Chance Encounter

With near-record high temperatures and a cloudless sky, yesterday was a parasol day. I collapsed it down to tiny umbrella size and shape before I got a seat on the number 6 train uptown. There’s a general impression about New Yorkers never talking to one another; it’s not true. We enjoy the illusion of private space, but chatting with strangers isn’t uncommon.

The woman sitting next to me said, “Boy you’re a pessimist with an umbrella on a day like today.”

“It’s a parasol. A friend got for me in Hong Kong.”

“Does it really work?”

“Oh, I get my small circle of personal shade as walk.”

“Have you ever heard of the Explorers Club?” she asked.

I nodded. Of course I’d heard of it, but only in the context of movies about adventurers and exotic travel.

“Did you know that they have lectures that are open to the public?”

She went on to tell me all about the monthly lecture series. It sounded great.

“It’s only $20 and there’s wine and snacks, too.”

Even better — I can afford that.

Then she pointed to my bracelets. I bought myself two, colorful bangles made of recycled plastic at the Museum of African Art in Washington, DC. It was part of a program for women artisans and they were so cute and light that I couldn’t resist. She was wearing a lovely bracelet that she’d bought in a flea market in Nigeria and recognized mine as African in design. It was the combination of the parasol and the bracelets that led her to believe I was, if not a kindred spirit, at least a good companion for a subway ride.

So what does this have to do with MONSTERS? Everything. By the time I’d walked from the station at Lexington and 53rd to my appointment at Madison and 53rd, I’d already begun to plot the scenario.

Switch out my recycled plastic bangles for something more impressive — perhaps an amber cuff inherited from my great-grandmother — and change the well-known Explorers Club for The Adventurers Club (or the Vampire Hunters or the Monster Society) and I’ve got the opening scene of one solid Monster tale.

Monsters are everywhere.


  1. I’m a great believer in chance encounters 😀 Can’t even begin to imagine what kind of monster something like this one would lead to but I’m intrigued nonetheless!

  2. The good thing about ideas is that you don’t have to pay rent on them or feed them. They’re happy to just sit there as a note for months or years. Then, when you need them they snap into service like good little soldiers.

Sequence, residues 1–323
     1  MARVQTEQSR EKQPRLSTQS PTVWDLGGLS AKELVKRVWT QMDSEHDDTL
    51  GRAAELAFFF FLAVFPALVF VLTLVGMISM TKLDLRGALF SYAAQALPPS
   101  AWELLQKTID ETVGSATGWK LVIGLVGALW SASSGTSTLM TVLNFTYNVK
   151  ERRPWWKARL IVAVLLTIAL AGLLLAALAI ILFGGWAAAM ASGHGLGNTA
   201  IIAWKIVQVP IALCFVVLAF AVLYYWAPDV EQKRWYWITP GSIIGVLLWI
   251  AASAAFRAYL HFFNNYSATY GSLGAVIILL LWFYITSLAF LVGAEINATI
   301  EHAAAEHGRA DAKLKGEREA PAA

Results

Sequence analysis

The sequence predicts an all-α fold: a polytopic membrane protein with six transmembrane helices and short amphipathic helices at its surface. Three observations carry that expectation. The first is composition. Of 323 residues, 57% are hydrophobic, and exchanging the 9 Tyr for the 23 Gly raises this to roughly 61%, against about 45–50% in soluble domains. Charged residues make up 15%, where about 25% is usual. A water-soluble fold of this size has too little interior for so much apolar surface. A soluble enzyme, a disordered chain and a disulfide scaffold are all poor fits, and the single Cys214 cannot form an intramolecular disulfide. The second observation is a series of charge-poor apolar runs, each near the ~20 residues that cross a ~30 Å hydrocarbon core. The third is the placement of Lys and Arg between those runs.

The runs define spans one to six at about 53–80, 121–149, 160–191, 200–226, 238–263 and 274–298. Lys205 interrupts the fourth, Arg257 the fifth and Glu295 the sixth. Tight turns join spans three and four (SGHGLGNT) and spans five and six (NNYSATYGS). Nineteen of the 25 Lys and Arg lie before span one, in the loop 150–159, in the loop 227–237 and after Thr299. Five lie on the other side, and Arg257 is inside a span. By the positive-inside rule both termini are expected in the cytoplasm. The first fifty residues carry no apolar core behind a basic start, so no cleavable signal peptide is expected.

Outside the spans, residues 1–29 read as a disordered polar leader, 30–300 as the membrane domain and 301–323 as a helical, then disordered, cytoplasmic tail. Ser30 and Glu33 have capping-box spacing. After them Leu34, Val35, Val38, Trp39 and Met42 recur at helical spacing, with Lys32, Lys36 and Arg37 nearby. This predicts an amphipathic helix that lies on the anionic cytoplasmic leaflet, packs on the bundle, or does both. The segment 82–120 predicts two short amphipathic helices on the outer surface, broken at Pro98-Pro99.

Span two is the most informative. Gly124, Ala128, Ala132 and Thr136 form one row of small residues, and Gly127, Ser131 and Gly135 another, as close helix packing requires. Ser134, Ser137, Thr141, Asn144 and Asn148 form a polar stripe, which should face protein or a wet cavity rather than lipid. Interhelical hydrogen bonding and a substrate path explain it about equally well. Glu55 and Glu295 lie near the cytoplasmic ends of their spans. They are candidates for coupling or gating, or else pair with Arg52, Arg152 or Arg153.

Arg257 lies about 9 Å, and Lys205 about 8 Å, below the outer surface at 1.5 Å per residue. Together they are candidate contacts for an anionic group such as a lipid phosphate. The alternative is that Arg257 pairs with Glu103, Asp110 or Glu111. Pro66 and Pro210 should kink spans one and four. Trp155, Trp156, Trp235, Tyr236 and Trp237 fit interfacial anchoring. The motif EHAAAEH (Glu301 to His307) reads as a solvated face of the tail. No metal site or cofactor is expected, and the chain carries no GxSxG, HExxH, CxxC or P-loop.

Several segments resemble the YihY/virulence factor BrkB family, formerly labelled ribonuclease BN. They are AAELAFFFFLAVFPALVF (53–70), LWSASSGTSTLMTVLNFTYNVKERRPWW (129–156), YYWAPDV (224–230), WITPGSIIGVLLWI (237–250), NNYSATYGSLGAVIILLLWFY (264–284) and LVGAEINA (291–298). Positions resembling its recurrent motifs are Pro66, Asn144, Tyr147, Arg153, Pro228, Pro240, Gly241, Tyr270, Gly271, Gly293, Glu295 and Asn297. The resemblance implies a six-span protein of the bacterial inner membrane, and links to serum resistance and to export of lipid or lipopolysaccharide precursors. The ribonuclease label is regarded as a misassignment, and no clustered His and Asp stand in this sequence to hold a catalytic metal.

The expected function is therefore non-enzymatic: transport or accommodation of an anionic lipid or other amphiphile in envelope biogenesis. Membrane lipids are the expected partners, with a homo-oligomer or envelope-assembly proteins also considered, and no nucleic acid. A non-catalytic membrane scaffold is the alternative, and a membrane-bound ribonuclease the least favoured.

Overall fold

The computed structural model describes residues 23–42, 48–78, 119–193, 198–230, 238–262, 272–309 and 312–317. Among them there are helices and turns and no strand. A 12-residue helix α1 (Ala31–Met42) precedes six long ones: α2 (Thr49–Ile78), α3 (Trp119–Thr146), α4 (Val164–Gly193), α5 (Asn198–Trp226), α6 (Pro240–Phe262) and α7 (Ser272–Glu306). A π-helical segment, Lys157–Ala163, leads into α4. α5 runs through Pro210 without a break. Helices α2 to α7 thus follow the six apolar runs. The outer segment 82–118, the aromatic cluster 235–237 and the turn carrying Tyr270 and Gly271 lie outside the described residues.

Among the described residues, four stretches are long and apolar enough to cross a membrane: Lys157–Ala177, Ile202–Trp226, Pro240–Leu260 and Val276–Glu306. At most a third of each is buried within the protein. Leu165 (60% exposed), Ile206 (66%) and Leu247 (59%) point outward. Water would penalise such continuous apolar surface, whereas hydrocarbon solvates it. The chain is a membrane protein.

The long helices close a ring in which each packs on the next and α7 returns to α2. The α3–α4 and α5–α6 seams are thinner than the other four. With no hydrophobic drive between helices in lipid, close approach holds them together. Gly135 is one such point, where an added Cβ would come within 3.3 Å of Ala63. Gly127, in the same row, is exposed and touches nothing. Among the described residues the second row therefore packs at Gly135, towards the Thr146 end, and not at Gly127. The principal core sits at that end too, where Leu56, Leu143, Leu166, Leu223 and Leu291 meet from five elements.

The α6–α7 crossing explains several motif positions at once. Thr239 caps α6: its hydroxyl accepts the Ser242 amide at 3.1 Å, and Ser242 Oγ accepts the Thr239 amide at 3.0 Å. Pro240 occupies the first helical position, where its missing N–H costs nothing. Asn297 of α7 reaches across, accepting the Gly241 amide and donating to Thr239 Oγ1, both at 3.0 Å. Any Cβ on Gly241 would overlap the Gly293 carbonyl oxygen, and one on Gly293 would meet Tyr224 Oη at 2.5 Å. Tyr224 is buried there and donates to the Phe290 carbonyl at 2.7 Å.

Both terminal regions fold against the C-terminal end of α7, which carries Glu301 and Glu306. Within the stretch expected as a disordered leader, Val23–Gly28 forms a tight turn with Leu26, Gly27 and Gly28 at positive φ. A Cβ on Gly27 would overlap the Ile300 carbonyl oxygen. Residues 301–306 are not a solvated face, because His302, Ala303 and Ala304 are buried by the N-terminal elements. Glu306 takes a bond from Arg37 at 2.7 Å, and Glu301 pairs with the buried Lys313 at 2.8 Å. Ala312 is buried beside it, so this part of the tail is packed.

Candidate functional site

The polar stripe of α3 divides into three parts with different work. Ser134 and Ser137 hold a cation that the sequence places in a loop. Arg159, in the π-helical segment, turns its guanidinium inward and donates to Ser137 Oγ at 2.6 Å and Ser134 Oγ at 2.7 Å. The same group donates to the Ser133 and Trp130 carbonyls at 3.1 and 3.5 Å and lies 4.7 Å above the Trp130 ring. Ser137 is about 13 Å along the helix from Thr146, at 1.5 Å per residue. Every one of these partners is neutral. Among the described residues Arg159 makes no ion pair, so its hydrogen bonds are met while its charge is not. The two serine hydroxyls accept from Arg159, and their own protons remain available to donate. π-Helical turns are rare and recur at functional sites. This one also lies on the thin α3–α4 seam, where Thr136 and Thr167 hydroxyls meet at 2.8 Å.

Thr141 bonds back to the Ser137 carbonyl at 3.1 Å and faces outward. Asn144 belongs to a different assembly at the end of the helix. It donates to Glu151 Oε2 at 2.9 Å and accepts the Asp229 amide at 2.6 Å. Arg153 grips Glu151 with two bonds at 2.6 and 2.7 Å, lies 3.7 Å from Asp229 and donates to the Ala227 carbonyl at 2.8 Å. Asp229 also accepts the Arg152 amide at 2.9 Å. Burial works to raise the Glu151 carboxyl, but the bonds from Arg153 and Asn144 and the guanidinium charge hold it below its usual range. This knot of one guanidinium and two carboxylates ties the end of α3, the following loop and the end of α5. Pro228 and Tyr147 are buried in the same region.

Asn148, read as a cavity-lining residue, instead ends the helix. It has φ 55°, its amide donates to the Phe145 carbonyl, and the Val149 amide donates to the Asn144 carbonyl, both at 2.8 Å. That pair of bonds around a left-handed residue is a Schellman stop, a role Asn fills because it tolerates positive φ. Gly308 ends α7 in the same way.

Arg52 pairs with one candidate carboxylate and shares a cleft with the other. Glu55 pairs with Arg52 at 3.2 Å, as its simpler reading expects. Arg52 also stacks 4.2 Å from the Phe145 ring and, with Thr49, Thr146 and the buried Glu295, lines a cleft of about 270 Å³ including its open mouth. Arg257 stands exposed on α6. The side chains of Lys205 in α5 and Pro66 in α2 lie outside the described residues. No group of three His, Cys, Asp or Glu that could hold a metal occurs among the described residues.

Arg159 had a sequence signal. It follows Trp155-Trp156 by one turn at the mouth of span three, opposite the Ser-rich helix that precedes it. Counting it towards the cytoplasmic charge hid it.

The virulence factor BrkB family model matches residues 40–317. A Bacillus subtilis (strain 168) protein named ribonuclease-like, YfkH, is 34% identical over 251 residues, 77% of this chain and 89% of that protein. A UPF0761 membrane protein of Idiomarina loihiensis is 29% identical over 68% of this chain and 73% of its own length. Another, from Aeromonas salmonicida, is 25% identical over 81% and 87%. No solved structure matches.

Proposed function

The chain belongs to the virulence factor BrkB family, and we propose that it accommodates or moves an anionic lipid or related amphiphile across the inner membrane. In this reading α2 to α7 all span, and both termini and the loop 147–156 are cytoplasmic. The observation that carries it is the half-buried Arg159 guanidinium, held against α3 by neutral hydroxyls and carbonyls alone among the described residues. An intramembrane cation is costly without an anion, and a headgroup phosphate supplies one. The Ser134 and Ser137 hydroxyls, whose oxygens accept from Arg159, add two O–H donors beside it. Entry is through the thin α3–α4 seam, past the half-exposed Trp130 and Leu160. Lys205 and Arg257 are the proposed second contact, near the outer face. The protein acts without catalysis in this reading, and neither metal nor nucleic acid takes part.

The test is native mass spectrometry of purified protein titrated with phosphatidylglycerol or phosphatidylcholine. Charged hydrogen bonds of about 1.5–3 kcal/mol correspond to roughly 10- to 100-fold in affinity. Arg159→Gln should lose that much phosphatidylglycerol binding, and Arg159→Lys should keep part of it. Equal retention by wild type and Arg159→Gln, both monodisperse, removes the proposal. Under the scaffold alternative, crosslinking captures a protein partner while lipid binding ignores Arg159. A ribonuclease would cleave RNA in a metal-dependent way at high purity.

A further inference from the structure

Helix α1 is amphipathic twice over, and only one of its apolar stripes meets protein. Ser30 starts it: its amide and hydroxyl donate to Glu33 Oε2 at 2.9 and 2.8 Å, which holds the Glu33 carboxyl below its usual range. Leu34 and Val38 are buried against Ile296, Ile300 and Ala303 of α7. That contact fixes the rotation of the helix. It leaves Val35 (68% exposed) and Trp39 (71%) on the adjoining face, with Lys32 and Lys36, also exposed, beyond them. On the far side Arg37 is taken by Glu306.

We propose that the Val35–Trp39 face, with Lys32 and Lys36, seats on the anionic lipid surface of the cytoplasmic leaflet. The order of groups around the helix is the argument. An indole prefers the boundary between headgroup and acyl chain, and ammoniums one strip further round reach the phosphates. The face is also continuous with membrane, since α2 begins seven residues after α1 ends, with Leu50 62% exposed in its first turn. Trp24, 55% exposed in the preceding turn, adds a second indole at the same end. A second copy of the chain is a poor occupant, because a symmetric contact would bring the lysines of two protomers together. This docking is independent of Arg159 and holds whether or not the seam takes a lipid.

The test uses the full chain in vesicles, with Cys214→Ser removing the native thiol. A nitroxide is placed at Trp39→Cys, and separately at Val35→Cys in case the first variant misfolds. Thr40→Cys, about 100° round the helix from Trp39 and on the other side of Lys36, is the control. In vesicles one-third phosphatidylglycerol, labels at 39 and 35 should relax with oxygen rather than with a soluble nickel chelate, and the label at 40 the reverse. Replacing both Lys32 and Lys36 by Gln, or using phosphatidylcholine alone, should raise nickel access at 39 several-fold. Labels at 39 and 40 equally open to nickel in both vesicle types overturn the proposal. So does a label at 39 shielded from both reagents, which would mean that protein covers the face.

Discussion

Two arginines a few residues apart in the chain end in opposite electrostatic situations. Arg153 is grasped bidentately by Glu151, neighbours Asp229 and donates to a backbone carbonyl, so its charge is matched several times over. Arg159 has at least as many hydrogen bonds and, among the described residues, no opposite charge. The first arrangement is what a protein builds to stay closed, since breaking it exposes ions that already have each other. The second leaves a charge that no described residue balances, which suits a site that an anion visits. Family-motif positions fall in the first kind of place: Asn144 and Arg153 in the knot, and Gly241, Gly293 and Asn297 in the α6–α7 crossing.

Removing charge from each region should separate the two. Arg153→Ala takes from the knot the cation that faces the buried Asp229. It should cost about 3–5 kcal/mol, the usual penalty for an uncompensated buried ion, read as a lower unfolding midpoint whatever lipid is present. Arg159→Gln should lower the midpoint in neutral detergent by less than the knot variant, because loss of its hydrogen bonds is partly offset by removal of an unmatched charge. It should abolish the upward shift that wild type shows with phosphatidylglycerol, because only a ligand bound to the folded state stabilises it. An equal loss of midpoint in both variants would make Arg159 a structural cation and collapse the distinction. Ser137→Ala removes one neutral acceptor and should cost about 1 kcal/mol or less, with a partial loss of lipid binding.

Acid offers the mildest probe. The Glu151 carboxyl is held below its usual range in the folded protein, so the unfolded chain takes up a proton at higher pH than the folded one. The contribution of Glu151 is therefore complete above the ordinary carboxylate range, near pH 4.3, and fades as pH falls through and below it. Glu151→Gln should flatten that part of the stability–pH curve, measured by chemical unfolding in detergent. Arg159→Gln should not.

My one and only short story was like that. It sat and waited patiently until I was ready. I hope your folder of ideas is overflowing because you’ll be writing for a very long time.

    • Candy

      A dearth of ideas is never my problem. I’m usually in the opposite mode doing triage. I’ve got to ask myself which thoughts are worth pursuing and which ones would make good short stories versus longer works with greater commitments of time. I’ve always got a bunch of fiction projects going.

      A few years ago a friend of a friend who is a therapist kept trying to seduce me into going to one of her special workshops for “creative people.” Her pitch involved telling me it would help me generate ideas. I almost choked on my sushi. She was trying to build a practice specializing in artists and she thought I spent my life searching for story ideas. Ha! It reminds me of the people who learn that I write mysteries and offer to give me their “fabulous concept for a book.” The conversation usually runs something like this…

      “I’ve got this great idea for a mystery. You write the book and then we’ll split the profits.”

      (Yes, people really think it works that way.)

      “Why don’t you write it yourself?”

      “Oh, no, I can’t type well enough.” OR “I hate writing. It takes too much time.”

      Boy oh, boy do I love those weird encounters. Maybe I should write a story about them?

  3. Hi Candy! I’ve nominated you for the Dr. Horrible blog award 😀 The three nominees I chose all have books coming out soon so get out there and do some promoting!

    • Candy

      I knew my To-Do list was magical. Every time I strike something off it it grows to more tasks. But this one… I think I will figure out how to do it.